“It’s as if we have lost track of the fact that food is linked to agriculture, which is linked to human survival.” I read this in the NY Times just before heading to my Farmers Market the other morning.
When I arrived there were plenty of us sun-crazed, tomato-basil-buyin’, agriculturally-inspired city dwellers swarming around the market trying to find the perfect plant. Or radish. Genetically speaking, we all have a farmer-hunter-gatherer lurking within. We should care about this stuff, and I think we do. The article, World’s Poor Pay Price as Crop Research Is Cut (NY Times 5/18/08), was about the decline in agricultural research funding worldwide and the havoc, and I mean that literally, that is impending. I read, for example, that the tiny brown plant hopper is an insect that loves rice and is multiplying by the billions right now, unchecked, and devastating rice paddies throughout East Asia. This story is a global red flag – there are many others.
Jan Leach, plant pathologist at Colorado State University who works with rice, said, “Agriculture has been so productive and done so well, people have kind of lost sight of how fragile it really is. It’s as if we have lost track of the fact that food is linked to agriculture, which is linked to human survival.” This got my attention, because I felt that it might be true, maybe we have become catastrophically disconnected from agriculture.
I visited my Farmers Market with this in mind and thinking about both the naivete and good fortune which inform our experience with food in relation to the rest of the world. There is the exuberance and appreciation we demonstrate at Farmers Markets simply by being there. An invaluable connection is made as we walk from vendor to vendor, asking questions, borrowing recipes, conversing with farmers about the food they grow. And the visual cornucopia is something to behold. Profoundly different and better than filling a grocery cart and going through checkout. It’s a start.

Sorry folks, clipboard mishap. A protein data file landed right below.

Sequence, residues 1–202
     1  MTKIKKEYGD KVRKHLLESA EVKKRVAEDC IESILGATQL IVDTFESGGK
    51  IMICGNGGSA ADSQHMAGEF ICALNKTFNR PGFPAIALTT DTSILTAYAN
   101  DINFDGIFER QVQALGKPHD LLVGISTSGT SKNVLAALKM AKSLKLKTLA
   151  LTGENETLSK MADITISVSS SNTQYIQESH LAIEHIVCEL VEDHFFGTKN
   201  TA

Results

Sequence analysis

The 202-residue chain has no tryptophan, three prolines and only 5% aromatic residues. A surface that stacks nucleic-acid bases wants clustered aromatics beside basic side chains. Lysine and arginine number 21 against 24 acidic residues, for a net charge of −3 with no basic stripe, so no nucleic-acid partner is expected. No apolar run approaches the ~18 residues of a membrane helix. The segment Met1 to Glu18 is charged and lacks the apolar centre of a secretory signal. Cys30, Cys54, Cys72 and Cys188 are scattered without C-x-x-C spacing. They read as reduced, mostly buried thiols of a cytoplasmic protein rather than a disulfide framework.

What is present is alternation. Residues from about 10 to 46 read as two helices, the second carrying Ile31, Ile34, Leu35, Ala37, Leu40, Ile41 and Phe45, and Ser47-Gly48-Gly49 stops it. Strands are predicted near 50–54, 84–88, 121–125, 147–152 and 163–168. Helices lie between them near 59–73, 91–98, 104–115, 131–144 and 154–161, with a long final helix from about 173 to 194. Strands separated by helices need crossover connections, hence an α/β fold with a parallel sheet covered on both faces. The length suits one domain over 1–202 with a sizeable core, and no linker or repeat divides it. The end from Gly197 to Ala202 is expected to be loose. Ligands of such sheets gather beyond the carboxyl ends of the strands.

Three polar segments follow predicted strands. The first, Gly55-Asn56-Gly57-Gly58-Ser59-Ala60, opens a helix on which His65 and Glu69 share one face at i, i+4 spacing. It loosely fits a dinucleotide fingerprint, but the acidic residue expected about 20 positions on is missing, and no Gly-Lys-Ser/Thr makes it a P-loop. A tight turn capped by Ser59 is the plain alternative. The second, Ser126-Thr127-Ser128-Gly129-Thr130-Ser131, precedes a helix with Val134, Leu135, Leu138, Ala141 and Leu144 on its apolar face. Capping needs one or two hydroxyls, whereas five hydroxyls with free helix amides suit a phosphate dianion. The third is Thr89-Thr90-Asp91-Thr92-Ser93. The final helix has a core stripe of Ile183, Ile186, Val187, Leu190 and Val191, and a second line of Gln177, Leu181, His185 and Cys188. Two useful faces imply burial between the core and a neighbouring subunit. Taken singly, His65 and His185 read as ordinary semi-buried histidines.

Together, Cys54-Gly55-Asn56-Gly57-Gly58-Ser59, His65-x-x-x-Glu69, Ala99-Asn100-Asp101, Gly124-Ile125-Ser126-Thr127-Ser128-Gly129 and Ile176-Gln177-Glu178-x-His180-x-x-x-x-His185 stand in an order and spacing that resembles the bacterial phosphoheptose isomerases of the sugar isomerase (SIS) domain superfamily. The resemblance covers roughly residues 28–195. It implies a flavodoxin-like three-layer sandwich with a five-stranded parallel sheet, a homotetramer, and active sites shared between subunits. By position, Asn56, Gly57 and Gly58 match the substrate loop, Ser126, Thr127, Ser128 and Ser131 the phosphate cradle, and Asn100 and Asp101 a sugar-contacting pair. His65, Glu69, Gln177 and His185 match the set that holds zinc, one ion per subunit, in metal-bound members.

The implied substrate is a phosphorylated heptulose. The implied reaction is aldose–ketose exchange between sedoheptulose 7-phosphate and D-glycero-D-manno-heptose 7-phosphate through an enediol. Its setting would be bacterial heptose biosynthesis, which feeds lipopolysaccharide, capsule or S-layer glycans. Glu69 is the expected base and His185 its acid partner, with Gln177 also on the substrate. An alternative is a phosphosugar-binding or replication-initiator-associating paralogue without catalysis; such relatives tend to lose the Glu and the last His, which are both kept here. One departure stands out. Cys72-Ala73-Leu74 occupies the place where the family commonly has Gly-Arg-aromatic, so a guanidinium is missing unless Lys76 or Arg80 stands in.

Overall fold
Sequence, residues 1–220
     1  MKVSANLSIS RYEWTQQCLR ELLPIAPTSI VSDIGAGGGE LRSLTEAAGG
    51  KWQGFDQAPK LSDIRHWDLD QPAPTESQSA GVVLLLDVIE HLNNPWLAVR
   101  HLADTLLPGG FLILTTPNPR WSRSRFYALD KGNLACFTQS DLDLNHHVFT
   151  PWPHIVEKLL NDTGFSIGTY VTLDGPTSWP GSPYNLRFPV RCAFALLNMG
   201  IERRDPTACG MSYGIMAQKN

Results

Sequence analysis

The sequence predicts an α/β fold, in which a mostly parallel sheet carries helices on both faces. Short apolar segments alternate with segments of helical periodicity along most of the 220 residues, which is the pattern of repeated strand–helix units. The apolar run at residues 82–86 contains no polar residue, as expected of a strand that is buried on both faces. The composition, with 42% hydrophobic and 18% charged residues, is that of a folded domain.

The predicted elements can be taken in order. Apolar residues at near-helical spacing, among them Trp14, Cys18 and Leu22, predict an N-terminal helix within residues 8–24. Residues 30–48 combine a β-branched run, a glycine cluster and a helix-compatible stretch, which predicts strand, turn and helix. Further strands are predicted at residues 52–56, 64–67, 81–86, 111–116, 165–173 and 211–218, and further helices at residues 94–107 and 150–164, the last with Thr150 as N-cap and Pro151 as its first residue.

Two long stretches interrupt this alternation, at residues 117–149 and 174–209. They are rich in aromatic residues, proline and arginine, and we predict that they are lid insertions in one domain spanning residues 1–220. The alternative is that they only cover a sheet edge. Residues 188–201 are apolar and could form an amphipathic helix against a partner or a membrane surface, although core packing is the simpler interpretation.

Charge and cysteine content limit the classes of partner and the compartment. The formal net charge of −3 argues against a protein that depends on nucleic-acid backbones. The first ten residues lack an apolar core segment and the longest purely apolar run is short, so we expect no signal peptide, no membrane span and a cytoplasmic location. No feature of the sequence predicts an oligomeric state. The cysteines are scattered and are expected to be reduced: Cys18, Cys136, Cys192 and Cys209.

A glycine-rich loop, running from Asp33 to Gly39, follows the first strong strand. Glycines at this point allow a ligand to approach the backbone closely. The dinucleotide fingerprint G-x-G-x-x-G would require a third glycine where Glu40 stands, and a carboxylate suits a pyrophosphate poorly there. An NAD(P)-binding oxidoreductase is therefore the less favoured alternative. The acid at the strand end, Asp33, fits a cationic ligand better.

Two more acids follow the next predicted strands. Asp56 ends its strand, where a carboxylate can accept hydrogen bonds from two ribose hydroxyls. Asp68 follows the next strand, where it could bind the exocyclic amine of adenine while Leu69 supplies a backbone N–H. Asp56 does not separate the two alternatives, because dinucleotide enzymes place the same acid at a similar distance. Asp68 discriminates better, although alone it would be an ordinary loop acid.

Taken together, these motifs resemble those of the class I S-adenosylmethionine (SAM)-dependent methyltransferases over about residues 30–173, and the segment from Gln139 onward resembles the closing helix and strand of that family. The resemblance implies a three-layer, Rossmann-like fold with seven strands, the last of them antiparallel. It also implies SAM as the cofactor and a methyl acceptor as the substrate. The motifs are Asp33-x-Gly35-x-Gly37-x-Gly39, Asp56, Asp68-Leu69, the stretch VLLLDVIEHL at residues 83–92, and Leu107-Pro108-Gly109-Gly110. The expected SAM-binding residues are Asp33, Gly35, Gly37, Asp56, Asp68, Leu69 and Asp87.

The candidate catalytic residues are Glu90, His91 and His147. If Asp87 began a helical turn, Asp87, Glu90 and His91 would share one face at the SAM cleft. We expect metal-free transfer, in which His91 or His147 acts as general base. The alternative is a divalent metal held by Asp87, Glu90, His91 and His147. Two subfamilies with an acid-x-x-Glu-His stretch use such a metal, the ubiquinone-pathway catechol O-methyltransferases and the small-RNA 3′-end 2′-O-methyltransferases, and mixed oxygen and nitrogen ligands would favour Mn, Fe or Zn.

Like others, we were on the prowl for our favorite tomatoes and found them at Billy’s, Stoney Plains and Langley Farms. Sixteen tomato plants, thirteen varieties are now snugged into the backyard plot. Sungolds, Black Prince, Prudence Purple, Green Zebra, Fourth of July, Yellow Brandywine, Vintage Wine, Orange Banana, Muskovich, Big Girl, and Amish Paste. Tomato love is kickin’ in.
In addition to expecting local/seasonal produce from our markets, we can grow some food of our own. Even a tiny plot is enough to regularly fill a salad bowl and now is the perfect time to get started. Seattle Tilth will be your personal assistant, and that’s the truth. Among other resources, they have a hotline that operates 8 hours a day, a real person who knows a lot about gardening answers the phone and is nice about addressing any questions.
You can also revisit our previous posts such as A Call to Your Inner Farmer and Pick Your Plot for some guidance, resources and encouragement about getting started. As each of us become aware again of what is required to grow food, our sensibility about the global picture will be influenced. Small actions with big potential.
Farming among the next crop of startups, Seattle PI, 5/20/08
Growing Washington, a source of information about what’s going on statewide agriculturally.